Horizons @ USN

About the Horizons Program at USN


“Today I promise, to be kind, to be strong, and do my best in learning.
With these hands, with this heart, with this mind, I can do anything”
 
Building community networks across our city, strengthening our partnership with public schools—these are priorities for USN.  With our historic commitment to innovation and excellence, USN has for generations played a central role in our community, supplying unmatched creative energy and educational leadership.
 

University School of Nashville was invited by Horizons National to establish the first Horizons Program in Tennessee on our campus. Horizons is a network of community-centered academic summer programs that put low-income public school students of varying abilities on the path to success.

Horizon’s mission is to close the achievement gap by providing underserved children access to high-quality academics in an engaging summer program.  Summer learning loss leaves low-income students as much as three years behind their higher income peers by the time they reach fifth grade. In contrast, Horizons students gain an average of two to three months in reading and math skills during the six-week summer program, keeping them at grade level or above.

Launched in summer 2014, USN Horizons supports children from Carter Lawrence Elementary School who stay with us throughout their elementary and middle school years, adding a grade level of 15 students each summer until the program serves 120 rising first through eighth graders.

Horizons students will spend six weeks each summer on our campus engaged in a program that blends high quality academics (taught by experienced teachers) with cultural enrichment (such as art, music, drama, and field trips) and confidence-building activities such as swimming lessons for every child.  A key to the success of this program is that students are given an opportunity to attend for eight consecutive summers. Horizons students grow in skills and confidence, returning to their own schools each fall better prepared.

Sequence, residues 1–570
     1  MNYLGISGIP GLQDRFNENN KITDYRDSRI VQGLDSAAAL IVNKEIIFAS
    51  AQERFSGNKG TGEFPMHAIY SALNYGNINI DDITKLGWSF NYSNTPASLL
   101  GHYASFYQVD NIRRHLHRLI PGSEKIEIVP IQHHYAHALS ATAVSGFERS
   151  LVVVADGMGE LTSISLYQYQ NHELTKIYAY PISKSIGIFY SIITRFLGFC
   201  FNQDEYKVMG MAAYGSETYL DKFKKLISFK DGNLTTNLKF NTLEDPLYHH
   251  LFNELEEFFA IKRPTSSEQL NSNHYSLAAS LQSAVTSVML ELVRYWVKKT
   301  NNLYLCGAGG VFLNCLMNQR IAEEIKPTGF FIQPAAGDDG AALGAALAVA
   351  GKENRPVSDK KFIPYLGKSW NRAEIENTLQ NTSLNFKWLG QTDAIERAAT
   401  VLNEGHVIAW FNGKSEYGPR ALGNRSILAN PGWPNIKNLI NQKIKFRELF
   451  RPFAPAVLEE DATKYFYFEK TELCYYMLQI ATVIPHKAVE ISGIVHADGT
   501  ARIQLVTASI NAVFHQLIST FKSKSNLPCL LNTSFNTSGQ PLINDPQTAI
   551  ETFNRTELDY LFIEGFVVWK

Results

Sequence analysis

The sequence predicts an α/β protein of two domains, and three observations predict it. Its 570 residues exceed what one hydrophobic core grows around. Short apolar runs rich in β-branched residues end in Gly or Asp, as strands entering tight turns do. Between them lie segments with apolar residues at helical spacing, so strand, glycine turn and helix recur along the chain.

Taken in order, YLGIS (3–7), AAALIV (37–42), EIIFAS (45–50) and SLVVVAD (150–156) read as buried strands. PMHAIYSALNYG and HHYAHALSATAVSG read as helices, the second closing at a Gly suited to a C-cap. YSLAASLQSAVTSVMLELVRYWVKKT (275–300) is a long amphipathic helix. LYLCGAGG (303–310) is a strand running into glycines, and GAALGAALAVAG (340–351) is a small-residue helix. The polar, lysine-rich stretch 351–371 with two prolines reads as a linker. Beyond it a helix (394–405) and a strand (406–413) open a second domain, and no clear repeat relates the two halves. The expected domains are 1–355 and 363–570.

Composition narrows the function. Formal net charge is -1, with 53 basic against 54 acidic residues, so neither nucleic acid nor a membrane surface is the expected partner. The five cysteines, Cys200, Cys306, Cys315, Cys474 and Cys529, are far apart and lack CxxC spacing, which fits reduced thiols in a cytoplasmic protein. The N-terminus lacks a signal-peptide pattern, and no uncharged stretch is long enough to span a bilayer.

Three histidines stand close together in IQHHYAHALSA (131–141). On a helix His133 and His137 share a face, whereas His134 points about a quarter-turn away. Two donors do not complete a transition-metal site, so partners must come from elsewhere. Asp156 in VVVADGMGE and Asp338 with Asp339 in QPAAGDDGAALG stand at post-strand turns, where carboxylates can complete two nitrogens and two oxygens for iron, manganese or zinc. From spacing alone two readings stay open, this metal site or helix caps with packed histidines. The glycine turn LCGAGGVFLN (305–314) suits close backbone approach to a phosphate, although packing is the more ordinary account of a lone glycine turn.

Horizons Program Details

Low income students lose ground academically in the summer.  For those three months, these children are not taking vacations, enjoying time at camps, or learning new skills. Some are even hungry and alone during the day.  As a result, every summer low-income students fall further behind in reading and math skills while their more economically advantaged peers keep pace or jump ahead.  This “summer slide” is a major contributor to the achievement gap, which grows in this country from six months in kindergarten to almost three years by fifth grade and continues to grow each year thereafter. 


Horizons students will spend six weeks each summer on our campus engaged in a program that blends high quality academics (taught by experienced teachers) with cultural enrichment (such as art, music, drama, and field trips) and confidence-building activities such as swimming lessons for every child.  A key to the success of this program is that students are given an opportunity to attend for eight consecutive summers. Horizons students grow in skills and confidence, returning to their own schools each fall better prepared.
 
There is no fee, but there is a firm “no vacation” policy. In addition, the goal is for each student to attend the Horizons program for eight summers. By participating in an enrichment program for eight summers, children in Horizons program become more likely to succeed in high school and go on to college. Our goal is to build confident and competent learners, a change that occurs over time, especially during the formative years of a child’s schooling.
 
Breakfast, lunch and snack will be served each day.
 
Program Dates/Transportation:
The program is for six weeks, five days a week. To participate and take full advantage of the program, students are required to be present every day. The students will be picked up by a USN bus at 7:20 and returned to the same location by 3:40.
 

Swimming
Swimming is a life-saving skill that many low-income children fail to acquire. Nearly 70% of African American children and 58% of Hispanic children have little or no swimming ability, which puts them at a greater risk for drowning. In predominately minority communities, the youth drowning rate is 2-3 times higher than the national average. 
Every Horizons student learns to swim. Most students come to the program not knowing how to swim and fearful of the water.  Overcoming this fear and learning to trust our qualified instructors builds self-esteem that spills over into the classroom.  

Learning to swim: